The Hospital Anxiety and Depression Scale (HADS) is a common screening instrument excluding somatic symptoms of depression and anxiety, but previous studies have reported inconsistencies of its factor structure. The construct validity of the Japanese version of the HADS has yet to be reported. To examine the factor structure of the HADS in a Japanese population is needed.
Exploratory and confirmatory factor analyses were conducted in the combined data of 408 psychiatric outpatients and 1069 undergraduate students. The data pool was randomly split in half for a cross validation. An exploratory factor analysis was performed on one half of the data, and the fitness of the plausible model was examined in the other half of the data using a confirmatory factor analysis. Simultaneous multi-group analyses between the subgroups (outpatients vs. students, and men vs. women) were subsequently conducted.
A two-factor model where items 6 and 7 had dual loadings was supported. These factors were interpreted as reflecting anxiety and depression. Item 10 showed low contributions to both of the factors. Simultaneous multi-group analyses indicated a factor pattern stability across the subgroups.
The Japanese version of HADS indicated good factorial validity in our samples. However, ambiguous wording of item 7 should be clarified in future revisions.
A recent study has reported a significant association of variants in phosphodiesterase (PDE) genes with antidepressant treatment outcome in a Mexican American sample (Wong et al. 2006). We set out to investigate these findings in a large sample of patients from the Sequenced Treatment Alternatives for Depression (STAR*D) study. STAR*D is a longitudinal study of antidepressant outcome in depressed outpatients.
We genotyped three single nucleotide polymorphisms (SNPs) in PDE11A (rs1880916), PDE1A (rs1549870), and PDE9A (rs729861) for replication and we also report three additional SNPs in PDE11A (rs3770016, rs4893975, rs6433687) that had been genotyped for a previous study.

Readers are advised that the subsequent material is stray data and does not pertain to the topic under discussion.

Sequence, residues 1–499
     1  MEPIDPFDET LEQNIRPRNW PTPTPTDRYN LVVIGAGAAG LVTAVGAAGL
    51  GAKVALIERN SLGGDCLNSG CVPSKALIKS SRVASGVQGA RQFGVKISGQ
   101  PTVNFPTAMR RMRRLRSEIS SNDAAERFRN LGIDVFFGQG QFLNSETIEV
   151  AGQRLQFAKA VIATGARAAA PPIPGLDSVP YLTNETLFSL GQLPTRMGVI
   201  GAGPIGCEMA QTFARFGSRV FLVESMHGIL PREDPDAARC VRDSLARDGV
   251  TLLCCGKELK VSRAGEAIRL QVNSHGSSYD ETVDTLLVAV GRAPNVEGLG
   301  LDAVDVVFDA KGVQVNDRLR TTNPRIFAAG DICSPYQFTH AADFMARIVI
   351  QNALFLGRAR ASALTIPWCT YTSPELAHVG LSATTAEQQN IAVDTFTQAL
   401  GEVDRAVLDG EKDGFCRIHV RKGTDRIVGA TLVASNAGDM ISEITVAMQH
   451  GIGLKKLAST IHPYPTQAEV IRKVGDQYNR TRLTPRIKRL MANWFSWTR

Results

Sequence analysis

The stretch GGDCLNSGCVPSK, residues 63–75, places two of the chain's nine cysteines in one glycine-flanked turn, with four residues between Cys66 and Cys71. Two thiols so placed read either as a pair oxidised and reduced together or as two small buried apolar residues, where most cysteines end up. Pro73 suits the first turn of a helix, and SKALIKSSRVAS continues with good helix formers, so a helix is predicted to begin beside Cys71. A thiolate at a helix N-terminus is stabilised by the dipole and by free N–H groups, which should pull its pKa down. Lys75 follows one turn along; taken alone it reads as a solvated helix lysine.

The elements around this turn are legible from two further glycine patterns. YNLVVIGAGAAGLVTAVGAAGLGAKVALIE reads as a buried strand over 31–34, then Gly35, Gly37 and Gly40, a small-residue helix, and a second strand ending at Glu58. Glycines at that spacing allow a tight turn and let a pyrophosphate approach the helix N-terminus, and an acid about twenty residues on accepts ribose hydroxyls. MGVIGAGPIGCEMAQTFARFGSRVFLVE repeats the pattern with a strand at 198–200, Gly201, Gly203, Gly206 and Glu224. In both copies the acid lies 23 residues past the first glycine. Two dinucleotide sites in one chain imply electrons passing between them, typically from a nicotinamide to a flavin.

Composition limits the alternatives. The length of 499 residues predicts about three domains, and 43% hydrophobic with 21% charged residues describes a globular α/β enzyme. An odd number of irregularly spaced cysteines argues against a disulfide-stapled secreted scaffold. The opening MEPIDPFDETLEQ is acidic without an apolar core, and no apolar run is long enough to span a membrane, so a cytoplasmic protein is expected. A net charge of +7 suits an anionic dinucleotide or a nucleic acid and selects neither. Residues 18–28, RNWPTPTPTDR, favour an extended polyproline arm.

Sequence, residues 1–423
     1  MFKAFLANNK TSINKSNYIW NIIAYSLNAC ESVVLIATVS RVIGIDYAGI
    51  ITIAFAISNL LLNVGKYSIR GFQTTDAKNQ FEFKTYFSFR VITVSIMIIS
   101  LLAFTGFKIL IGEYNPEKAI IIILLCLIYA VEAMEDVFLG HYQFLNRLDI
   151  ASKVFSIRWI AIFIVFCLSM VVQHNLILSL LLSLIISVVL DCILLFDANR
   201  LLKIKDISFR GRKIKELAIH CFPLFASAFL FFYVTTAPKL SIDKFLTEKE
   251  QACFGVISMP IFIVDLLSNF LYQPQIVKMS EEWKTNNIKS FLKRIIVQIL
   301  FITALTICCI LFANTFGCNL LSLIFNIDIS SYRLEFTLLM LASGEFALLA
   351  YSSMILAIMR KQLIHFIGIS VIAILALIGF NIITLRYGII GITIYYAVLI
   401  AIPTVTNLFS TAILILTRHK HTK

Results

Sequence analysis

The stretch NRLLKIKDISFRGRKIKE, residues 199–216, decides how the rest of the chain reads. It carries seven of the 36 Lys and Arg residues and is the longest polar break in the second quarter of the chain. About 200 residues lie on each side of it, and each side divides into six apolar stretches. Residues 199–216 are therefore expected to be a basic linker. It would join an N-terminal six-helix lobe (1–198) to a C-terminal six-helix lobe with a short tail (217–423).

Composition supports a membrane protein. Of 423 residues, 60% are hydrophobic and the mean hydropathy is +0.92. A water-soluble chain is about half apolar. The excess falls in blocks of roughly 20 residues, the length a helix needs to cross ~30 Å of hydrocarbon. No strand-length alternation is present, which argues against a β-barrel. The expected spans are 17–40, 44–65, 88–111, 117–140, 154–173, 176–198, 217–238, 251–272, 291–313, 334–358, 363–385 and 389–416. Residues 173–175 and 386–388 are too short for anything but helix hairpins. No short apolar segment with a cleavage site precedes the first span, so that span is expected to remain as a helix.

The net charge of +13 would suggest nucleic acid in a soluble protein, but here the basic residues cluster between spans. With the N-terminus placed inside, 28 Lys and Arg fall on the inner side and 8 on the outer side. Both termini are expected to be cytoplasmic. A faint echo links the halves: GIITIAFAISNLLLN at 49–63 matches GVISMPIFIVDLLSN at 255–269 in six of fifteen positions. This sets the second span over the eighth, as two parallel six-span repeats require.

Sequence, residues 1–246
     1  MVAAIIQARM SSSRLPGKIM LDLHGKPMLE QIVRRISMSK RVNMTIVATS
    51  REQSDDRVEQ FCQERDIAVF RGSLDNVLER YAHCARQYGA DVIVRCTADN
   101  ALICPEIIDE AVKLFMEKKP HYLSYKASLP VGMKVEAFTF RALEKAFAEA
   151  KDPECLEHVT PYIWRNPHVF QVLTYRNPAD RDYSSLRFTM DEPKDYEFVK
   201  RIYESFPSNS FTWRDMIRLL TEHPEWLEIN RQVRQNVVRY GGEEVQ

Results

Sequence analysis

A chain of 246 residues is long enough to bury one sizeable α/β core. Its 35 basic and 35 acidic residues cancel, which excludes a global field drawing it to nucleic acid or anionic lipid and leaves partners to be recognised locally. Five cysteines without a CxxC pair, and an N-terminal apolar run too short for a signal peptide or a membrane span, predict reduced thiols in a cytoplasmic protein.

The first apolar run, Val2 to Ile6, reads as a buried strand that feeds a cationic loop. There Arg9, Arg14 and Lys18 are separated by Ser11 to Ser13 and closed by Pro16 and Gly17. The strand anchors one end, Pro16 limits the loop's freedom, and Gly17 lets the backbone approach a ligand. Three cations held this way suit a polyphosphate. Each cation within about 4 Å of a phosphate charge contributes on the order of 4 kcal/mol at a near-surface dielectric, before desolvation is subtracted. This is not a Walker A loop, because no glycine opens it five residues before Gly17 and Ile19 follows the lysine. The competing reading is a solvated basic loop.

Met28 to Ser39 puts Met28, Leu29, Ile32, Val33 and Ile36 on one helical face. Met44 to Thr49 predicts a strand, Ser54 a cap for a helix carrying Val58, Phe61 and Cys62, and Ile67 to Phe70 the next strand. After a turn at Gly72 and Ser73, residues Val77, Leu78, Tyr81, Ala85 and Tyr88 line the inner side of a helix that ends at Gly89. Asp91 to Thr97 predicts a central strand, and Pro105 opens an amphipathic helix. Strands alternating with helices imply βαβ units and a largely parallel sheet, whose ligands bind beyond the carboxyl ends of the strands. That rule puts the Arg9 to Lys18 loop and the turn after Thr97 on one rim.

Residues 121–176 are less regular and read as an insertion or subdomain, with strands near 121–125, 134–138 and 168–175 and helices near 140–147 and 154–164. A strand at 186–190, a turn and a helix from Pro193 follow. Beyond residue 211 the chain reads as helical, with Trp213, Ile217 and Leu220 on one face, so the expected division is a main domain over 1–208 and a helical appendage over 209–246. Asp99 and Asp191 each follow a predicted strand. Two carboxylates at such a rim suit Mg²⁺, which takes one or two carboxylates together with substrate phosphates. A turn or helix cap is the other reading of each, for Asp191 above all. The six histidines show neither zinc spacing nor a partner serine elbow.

Single marker analysis of remission within the Hispanic subsamples (n = 268) revealed no significant evidence of association with markers in PDE11A, PDE9A or PDE1A. Additional analyses of remission within the total STAR*D sample (n=1,914) were also largely negative, as were analyses utilizing a narrower definition of remission. Haplotype analyses were performed with the four PDE11A SNPs we genotyped; these also failed to show significant evidence of association in the STAR*D sample.
We could not reproduce the reported association between PDE genes and antidepressant outcome in a sample of subjects comparable to that reported previously. We conclude that PDE11A, PDE9A, and PDE1A are unlikely to play an important role in antidepressant outcome in this sample.
Depression; PDE; STAR*D; pharmacogenetics
It has been suggested that there is a mechanism by which nonsteroidal anti-inflammatory drugs (NSAIDs) may interfere with antidepressant response, and poorer outcomes among NSAID-treated patients were reported in the Sequenced Treatment Alternatives to Relieve Depression (STAR*D) study. To attempt to confirm this association in an independent population-based treatment cohort and explore potential confounding variables, the authors examined use of NSAIDs and related medications among 1,528 outpatients in a New England health care system.